Can children remember past lives? Exploring reincarnation

  • Reincarnation is defined as "rebirth in new bodies or forms of life."
  • About one-fourth of adults believe in some form of reincarnation. 
  • Parents of children who claim to be reincarnated are advised to approach the topic gently. 

Do you believe in reincarnation? What part does a child play in remembering? 

The theory that children, who claimed to have been reincarnated, have been floating around for decades. 

Child psychiatrist  Dr. Jim Tucker has explored the subject. 

"I understand the leap it takes to conclude there is something beyond what we can see and touch," he told Virginia Magazine in 2013. "But there is this evidence here that needs to be accounted for, and when we look at these cases carefully, some sort of carry-over of memories often makes the most sense."

Tucker said there are more than 2,500 case studies of children claiming to be reincarnated. 

The case of James Leininger, who claims to be a reincarnated World War II fighter pilot

Some stories have been highlighted, such as the case involving James Leininger. 

In 2005, when James Leininger was 6 years old, he claimed that he was a reincarnated Navy World War II fighter pilot. He even claimed he was involved in a plane crash.

"I'd wake him up, and he'd be screaming," his mother told ABC News in 2005. The mother said when she asked her son what he was dreaming about, he would say, "Airplane crash on fire, little man can't get out."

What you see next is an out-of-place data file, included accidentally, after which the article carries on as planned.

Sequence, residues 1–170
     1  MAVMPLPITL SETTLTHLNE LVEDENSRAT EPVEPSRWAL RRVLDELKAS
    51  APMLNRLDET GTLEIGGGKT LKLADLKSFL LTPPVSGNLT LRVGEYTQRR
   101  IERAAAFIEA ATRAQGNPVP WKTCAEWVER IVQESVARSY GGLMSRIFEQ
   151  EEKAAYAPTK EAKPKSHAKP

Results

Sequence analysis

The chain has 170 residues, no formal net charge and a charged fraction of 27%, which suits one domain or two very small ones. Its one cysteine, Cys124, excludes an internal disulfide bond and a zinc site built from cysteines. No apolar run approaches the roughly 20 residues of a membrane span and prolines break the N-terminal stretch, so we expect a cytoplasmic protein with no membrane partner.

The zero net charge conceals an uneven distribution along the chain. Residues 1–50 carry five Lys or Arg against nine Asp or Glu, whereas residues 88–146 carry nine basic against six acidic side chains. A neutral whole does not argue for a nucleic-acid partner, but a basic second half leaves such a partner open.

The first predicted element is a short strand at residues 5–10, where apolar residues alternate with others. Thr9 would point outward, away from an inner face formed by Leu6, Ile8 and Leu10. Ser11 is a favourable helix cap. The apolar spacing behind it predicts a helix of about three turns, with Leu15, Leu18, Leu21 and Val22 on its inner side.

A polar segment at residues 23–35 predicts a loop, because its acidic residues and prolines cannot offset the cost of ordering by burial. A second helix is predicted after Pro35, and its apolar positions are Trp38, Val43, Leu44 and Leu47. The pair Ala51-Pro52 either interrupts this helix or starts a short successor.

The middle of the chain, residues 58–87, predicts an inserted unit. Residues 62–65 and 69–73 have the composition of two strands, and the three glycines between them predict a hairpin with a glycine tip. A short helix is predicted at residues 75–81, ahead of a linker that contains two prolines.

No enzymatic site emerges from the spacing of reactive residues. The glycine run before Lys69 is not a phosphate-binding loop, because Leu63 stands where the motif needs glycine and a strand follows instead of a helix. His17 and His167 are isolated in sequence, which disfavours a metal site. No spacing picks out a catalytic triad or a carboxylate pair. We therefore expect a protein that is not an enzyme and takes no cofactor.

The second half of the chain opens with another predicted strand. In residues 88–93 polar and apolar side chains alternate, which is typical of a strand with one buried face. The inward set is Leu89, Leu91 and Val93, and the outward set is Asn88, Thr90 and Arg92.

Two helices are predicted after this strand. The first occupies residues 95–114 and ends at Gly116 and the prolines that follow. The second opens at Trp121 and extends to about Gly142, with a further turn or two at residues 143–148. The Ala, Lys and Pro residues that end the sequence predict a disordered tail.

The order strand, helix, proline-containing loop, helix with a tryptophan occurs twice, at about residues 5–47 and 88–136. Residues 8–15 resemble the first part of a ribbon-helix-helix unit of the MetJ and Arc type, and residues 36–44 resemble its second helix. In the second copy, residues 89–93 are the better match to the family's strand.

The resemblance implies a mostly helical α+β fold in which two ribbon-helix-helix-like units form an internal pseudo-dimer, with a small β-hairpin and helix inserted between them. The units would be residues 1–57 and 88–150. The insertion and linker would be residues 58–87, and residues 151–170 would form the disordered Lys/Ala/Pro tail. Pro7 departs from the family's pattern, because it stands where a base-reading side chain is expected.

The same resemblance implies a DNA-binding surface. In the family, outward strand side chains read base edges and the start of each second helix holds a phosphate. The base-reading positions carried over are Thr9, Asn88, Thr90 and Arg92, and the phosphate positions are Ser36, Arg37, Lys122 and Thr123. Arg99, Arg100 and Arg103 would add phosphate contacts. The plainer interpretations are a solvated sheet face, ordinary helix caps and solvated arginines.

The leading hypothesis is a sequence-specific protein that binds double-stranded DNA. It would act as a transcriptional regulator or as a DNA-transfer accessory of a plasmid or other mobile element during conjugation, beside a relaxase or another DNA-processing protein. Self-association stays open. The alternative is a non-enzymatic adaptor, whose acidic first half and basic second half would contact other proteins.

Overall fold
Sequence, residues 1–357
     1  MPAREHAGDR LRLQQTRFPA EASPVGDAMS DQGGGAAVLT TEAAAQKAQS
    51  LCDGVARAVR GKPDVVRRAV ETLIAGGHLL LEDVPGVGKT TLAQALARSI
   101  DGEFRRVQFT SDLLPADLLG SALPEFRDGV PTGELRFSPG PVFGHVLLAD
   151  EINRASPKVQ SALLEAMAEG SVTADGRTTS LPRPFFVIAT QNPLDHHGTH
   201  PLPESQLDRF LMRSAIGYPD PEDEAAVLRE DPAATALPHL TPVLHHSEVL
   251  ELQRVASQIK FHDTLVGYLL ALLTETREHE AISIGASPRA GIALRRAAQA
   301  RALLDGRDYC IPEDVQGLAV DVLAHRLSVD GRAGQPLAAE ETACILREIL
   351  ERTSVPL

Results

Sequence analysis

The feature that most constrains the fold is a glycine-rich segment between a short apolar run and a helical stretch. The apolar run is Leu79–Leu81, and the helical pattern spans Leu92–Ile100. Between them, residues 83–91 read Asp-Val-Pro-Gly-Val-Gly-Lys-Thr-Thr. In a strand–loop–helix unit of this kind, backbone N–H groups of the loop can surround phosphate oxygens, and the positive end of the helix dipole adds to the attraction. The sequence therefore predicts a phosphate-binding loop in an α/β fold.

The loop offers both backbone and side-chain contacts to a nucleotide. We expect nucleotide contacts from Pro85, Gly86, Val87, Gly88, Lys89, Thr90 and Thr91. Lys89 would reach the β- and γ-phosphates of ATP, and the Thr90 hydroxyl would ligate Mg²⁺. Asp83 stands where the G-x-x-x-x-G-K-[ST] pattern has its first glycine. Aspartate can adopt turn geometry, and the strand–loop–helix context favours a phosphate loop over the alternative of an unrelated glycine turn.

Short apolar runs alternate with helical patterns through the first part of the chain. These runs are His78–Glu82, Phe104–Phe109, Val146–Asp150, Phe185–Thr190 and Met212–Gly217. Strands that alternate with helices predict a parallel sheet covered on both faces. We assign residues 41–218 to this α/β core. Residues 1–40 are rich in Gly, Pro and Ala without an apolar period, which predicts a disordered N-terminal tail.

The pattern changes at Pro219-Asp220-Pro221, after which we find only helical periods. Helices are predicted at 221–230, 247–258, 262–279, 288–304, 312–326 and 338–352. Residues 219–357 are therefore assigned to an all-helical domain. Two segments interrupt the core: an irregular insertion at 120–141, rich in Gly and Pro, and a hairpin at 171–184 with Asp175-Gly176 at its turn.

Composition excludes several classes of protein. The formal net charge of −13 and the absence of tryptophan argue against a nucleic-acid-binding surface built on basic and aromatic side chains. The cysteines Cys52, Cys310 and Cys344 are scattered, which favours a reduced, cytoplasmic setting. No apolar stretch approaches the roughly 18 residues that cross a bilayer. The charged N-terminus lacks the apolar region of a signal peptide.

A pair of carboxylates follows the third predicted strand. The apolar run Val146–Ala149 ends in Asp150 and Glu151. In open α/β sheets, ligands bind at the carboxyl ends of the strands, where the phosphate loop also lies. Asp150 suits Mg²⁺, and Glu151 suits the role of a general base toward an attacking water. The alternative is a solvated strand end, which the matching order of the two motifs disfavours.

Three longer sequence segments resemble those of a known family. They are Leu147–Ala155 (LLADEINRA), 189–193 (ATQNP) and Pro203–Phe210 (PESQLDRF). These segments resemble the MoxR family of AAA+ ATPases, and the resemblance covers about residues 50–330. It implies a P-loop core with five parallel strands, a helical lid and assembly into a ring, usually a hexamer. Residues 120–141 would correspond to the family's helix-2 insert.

As the nightmares persisted, Leininger's parents eventually exchanged their skepticism for belief, and continue to believe their son had a former life, sharing their story in a book

What is reincarnation?

According to the Merriam-Webster dictionary, reincarnation is defined as "rebirth in new bodies or forms of life."

What should parents do when children talk about reincarnation? 

A Pew research study showed about "one-quarter of adults say it is definitely or probably true that the dead can be reincarnated, with Catholics and members of historically Black Protestant churches are among the most likely to believe it is definitely or probably true."

The University of Virginia said parents of children who claim to remember their past lives may make statements such as, You’re not my mommy/daddy," ""That happened before I was in mommy’s tummy," or "I died … (in a car accident/after I fell, etc.)."

Parents are advised not to dismiss their child's claims as a symptom of mental illness, and they should also avoid asking pointed questions. Instead, they should encourage their child to elaborate more on the claims of remembering their past lives. 

This story was reported from Los Angeles.